21 August 2010

Polymer memory

Polymer memory

Imagine a time when your mobile will be your virtual assistant and will need far more than the 8k and 16k memory that it has today, or a world where laptops require gigabytes of memory because of the impact of convergence on the very nature of computing. How much space would your laptop need to carry all that memory capacity? Not much, if Intel s project with Thin Film Electronics ASA (TFE) of Sweden works according to plan. TFE s idea is to use polymer memory modules rather than silicon-based memory modules, and what s more it s going to use architecture that is quite different from silicon-based modules.

While microchip makers continue to wring more and more from silicon, the most dramatic improvements in the electronics industry could come from an entirely different material plastic. Labs around the world are working on integrated circuits, displays for handheld devices and even solar cells that rely on electrically conducting polymers—not silicon—for cheap and flexible electronic components. Now two of the world’s leading chip makers are racing to develop new stock for this plastic microelectronic arsenal: polymer memory. Advanced Micro Devices of Sunnyvale, CA, is working with Coatue, a startup in Woburn, MA, to develop chips that store data in polymers rather than silicon. The technology, according to Coatue CEO Andrew Perlman, could lead to a cheaper and denser alternative to flash memory chips—the type of memory used in digital cameras and MP3 players. Meanwhile, Intel is collaborating with Thin Film Technologies in Linkping, Sweden, on a similar high capacity polymer memory.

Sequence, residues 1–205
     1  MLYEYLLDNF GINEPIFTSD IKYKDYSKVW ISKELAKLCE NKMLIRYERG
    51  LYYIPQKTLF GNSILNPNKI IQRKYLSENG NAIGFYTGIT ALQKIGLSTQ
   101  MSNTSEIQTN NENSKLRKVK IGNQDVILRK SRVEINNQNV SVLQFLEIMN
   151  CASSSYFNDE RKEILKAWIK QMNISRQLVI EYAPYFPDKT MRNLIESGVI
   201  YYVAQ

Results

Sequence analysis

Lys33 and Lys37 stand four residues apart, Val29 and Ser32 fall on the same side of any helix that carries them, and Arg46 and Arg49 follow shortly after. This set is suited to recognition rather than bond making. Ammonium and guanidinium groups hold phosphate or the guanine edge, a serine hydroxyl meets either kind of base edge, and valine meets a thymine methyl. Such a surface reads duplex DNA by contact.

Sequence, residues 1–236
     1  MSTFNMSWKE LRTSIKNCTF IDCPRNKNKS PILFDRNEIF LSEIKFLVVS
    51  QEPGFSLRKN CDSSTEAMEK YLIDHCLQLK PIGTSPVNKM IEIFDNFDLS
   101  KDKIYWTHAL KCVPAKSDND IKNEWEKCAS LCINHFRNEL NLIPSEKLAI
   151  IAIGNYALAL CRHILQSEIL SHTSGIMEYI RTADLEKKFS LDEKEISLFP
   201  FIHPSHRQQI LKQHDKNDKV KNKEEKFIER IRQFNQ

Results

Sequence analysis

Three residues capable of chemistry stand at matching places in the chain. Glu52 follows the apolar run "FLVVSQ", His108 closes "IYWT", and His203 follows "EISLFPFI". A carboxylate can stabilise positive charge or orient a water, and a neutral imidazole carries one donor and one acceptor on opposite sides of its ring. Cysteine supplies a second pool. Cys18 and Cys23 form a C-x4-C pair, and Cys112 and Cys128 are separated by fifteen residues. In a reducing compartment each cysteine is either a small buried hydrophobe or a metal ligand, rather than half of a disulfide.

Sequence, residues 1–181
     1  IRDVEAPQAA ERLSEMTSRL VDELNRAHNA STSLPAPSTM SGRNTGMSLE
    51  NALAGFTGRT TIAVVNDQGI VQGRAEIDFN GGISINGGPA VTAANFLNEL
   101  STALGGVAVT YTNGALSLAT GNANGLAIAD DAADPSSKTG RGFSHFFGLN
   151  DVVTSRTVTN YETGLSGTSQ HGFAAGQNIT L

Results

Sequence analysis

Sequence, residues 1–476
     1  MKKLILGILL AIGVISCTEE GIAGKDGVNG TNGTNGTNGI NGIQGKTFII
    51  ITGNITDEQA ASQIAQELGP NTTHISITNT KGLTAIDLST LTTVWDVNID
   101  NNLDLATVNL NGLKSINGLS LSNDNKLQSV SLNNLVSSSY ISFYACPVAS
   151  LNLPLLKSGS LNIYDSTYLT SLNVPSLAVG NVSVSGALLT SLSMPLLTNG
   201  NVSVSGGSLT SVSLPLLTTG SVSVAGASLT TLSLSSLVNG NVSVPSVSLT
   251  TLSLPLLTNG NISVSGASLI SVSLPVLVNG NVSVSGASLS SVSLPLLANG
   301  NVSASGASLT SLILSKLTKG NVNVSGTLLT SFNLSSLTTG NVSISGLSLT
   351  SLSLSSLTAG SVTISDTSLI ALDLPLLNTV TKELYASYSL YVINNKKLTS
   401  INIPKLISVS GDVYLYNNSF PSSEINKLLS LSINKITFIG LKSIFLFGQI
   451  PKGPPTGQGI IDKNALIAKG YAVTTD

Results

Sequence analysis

Penetration usually involves a change of some kind, like a new port has been opened or a new service. The most common change you can see is that a file has changed. If you can identify the key subsets of these files and monitor them on a daily basis, then we will be able to detect whether any intrusion took place. Tripwire is an open source program created to monitor the changes in a key subset of files identified by the user and report on any changes in any of those files. When changes made are detected, the system administrator is informed. Tripwire ‘s principle is very simple, the system administrator identifies key files and causes tripwire to record checksum for those files. He also puts in place a cron job, whose job is to scan those files at regular intervals (daily or more frequently), comparing to the original checksum.

Any changes, addition or deletion, are reported to the administrator. The administrator will be able to determine whether the changes were permitted or unauthorized changes. If it was the earlier case the n the database will be updated so that in future the same violation wouldn’t be repeated. In the latter case then proper recovery action would be taken immediately

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